Blanche has suffered a complete mental breakdown and is to be committed to a mental hospital. Her false propriety is not simply snobbery, however; it constitutes a calculated attempt to make herself appear attractive to new male suitors.
When a doctor and a matron arrive to take Blanche to the hospital, she initially resists them and collapses on the floor in confusion. Stanley himself takes the final stabs at Blanche, destroying the remainder of her sexual and mental esteem by raping her and then committing her to an insane asylum.
She is an aging Southern belle who lives in a state of perpetual panic about her fading beauty. What she means is that she believed her own lies about her age and lady-like demeanor as much as he did.
Here is the man who can give her a sense of belonging and who is also captivated by her girlish charms. Thus, in her first encounters, she fails with Stanley, because she attempts to be what she thinks a lady should be rather than being frank, open, and honest as Stanley would have liked it.
She is visibly dismayed. Despite its shocking scenes and gritty dialogue, the audience applauded for half an hour after the debut performance ended. When Blanche meets Mitch, she realizes that here is a strong harbor where she can rest.
This event, coupled with the fact that Stella does not believe her, sends Blanche over the edge into a nervous breakdown. Ralph Meeker also took on the part of Stanley both in the Broadway and touring companies. She had a series of meaningless affairs to numb her grief, and was soon thrown out of her hometown of Laurel, Mississippias a "woman of loose morals" after sleeping with one of her high school English students.
The pulsing music indicates that Stanley rapes Blanche. It is also later revealed that, years earlier, her husband, Allan Grey, committed suicide after she caught him having sex with another man.
Blanche has descended into a fantasy that an old suitor of hers is coming to provide financial support and take her away from New Orleans. This tragic irony is at the heart of her character, as shown by that famous last line of hers: Blanche becomes terrified to the point that she smashes a bottle on the table and threatens to smash Stanley in the face.
Mitch, present at the poker game, breaks down in tears. She tells him that she will soon be leaving New Orleans with her former suitor Shep Huntleigh, who is now a millionaire. Yet this, too, actually does garner a bit of sympathy for our protagonist.
Now she seems to believe them herself. When the doctor helps Blanche up, she goes willingly with him, saying: The original Broadway production closed, after performances, in Hagen and Quinn took the show on a national tour and then returned to Broadway for additional performances.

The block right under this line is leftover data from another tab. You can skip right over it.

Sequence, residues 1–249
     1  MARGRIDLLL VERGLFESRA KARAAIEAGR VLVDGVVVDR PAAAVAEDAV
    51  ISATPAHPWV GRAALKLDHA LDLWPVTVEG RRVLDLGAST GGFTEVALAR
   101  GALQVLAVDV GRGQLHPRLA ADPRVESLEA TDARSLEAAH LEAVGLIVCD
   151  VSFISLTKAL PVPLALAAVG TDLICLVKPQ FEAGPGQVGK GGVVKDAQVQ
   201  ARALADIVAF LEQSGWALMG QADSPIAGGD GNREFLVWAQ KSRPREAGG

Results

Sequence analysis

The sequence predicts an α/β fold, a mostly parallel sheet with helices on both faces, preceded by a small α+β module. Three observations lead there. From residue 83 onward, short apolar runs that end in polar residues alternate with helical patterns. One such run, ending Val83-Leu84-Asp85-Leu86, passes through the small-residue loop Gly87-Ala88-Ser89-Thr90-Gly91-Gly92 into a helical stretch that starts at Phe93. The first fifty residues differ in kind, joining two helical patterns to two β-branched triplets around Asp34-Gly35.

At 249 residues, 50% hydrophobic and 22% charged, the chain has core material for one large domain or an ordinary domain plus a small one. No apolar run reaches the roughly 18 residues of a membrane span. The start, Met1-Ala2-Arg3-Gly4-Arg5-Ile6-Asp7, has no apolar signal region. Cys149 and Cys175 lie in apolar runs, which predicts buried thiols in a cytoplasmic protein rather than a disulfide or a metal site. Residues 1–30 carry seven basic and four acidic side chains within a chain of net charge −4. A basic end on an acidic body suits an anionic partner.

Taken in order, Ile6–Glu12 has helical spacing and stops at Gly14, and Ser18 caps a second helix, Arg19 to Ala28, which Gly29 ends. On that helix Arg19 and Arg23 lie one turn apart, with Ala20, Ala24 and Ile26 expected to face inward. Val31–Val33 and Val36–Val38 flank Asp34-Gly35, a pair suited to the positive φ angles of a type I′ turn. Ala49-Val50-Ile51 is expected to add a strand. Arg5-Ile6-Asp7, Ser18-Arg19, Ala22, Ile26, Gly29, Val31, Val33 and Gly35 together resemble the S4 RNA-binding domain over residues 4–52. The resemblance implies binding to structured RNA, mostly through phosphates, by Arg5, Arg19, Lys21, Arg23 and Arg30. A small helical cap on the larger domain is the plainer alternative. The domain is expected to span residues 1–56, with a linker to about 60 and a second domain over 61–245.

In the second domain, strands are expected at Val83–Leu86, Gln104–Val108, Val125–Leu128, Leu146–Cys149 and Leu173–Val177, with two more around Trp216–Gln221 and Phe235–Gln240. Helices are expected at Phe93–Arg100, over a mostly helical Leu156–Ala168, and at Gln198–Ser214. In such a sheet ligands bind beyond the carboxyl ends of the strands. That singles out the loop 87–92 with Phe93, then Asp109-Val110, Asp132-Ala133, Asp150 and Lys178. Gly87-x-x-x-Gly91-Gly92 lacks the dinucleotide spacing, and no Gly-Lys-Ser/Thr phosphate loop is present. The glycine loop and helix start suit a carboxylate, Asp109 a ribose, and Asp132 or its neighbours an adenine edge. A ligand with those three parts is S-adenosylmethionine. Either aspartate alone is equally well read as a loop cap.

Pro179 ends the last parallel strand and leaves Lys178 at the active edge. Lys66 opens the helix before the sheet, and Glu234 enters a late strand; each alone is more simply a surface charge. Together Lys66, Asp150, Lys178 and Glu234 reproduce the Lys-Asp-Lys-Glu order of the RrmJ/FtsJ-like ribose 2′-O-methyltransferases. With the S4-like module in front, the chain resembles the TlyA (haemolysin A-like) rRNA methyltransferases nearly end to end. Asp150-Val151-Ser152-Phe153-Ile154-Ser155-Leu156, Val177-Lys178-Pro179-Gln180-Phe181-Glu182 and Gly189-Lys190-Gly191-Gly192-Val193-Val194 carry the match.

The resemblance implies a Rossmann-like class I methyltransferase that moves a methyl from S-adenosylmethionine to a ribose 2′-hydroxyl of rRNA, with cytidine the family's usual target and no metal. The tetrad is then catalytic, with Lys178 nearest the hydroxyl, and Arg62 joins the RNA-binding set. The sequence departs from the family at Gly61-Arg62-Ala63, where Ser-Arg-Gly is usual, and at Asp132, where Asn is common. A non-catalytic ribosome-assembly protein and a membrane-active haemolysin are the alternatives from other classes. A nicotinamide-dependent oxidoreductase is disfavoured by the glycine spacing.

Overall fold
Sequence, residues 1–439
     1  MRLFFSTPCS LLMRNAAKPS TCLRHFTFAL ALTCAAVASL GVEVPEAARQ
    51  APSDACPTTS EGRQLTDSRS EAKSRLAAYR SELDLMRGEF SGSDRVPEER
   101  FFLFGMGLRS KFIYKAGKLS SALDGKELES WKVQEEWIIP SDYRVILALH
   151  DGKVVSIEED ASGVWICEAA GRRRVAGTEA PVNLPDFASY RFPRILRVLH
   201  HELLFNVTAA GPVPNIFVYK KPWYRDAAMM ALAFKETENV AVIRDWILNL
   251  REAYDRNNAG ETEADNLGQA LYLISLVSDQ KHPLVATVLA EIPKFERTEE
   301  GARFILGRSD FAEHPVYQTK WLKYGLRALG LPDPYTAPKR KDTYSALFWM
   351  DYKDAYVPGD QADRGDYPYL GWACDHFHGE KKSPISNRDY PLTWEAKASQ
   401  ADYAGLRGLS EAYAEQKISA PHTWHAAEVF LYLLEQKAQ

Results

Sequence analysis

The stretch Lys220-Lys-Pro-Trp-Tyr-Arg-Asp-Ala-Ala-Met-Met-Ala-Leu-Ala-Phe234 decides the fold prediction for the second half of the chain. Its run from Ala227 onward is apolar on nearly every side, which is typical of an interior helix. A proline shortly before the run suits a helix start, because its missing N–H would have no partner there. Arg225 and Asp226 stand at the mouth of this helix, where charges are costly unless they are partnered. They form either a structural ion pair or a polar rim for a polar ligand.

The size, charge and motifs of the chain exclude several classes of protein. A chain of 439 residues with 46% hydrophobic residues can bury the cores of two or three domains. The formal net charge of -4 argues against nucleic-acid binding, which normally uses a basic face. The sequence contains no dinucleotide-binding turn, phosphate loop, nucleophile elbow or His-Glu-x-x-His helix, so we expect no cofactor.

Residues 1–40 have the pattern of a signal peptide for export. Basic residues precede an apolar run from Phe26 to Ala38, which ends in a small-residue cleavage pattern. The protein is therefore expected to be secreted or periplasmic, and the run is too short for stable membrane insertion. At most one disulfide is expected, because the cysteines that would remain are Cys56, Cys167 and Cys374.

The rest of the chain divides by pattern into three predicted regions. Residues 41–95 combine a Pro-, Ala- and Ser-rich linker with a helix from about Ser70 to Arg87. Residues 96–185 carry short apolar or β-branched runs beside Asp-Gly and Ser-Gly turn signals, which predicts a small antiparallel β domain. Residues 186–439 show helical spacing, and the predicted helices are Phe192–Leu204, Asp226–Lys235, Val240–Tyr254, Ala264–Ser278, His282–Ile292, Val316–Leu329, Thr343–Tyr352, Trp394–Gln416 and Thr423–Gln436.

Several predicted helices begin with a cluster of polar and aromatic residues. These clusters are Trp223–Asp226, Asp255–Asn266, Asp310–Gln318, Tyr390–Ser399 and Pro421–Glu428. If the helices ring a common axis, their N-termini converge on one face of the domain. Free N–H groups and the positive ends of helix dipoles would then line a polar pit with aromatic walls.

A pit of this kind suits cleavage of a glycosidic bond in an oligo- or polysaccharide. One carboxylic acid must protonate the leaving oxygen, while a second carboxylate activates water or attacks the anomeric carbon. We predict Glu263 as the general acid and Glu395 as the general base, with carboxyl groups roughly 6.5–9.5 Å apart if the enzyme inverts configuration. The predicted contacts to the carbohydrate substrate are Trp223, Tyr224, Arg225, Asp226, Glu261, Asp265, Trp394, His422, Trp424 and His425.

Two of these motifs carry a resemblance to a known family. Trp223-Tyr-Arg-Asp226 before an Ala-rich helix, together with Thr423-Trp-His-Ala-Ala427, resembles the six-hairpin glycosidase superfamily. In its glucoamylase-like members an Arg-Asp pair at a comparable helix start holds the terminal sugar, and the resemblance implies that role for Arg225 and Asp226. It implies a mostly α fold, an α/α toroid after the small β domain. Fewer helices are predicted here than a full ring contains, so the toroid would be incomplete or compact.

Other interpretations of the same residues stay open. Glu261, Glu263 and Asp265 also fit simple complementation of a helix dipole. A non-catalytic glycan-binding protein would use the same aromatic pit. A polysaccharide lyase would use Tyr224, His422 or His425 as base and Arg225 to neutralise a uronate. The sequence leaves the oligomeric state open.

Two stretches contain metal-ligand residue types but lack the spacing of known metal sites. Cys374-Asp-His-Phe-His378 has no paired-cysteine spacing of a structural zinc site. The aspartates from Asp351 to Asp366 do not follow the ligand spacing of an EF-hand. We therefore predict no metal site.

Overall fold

Therefore, she tries to alleviate her guilt by giving herself at random to other young men. Blanche resists, but Stanley uses his physical strength to overcome her, and he carries her to bed. One of the most tragic aspects of this story is that we have a hard time imagining an alternative ending.
It seems certain that they will get married.
Stella sobs with her child in her arms, and Stanley comforts her with loving words and caresses. After Mitch has been absent for a while, speaking with Blanche in the bedroom, Stanley erupts, storms into the bedroom, and throws the radio out of the window. She also mentions that she has been given a leave of absence from her teaching position because of her bad nerves.
For a birthday present, he gives her a one-way bus ticket back to Laurel. She therefore tries to captivate Stanley by flirting with him and by using all of her womanly charms. She must have subdued light. She felt also that she was cruel to him in a way that Stanley would like to be cruel to her.
She does not want to see things clearly but wants all ugly truths covered over with the beauty of imagination and illusion.
She still plays the role of the ideal type of person she would like to be. Blanche gives herself to men for other reasons. Finally, the doctor approaches Blanche in a gentle manner and convinces her to leave with him.
After hearing her confessions, we see that Mitch aligns himself with the Stanley world.When the play begins, Blanche is already a fallen woman in society’s eyes.
Her family fortune and estate are gone, she lost her young husband to suicide years earlier, and she is a social pariah due to her indiscrete sexual behavior. She also has a bad drinking problem, which she covers up poorly. A short summary of Tennessee Williams's A Streetcar Named Desire.
This free synopsis covers all the crucial plot points of A Streetcar Named Desire. Blanche DuBois appears in the first scene dressed in white, the symbol of purity and innocence.
She is seen as a moth-like creature. A Streetcar Named Desire; Blanche DuBois; Table of Contents. All Subjects. Play Summary; About A Streetcar Named Desire; Character List; Blanche has always thought she failed her young lover when.
Characters. See a complete list of the characters in A Streetcar Named Desire and in-depth analyses of Blanche DuBois, Stanley Kowalski, and Harold “Mitch” Mitchell.
Everything you ever wanted to know about Blanche DuBois in A Streetcar Named Desire, written by masters of this stuff just for you. Dec 01, · Watch video · Blanche DuBois: Why, they told me to take a streetcar named Desire and then transfer to one called Cemetery and ride six blocks and get off at Elysian Fields.
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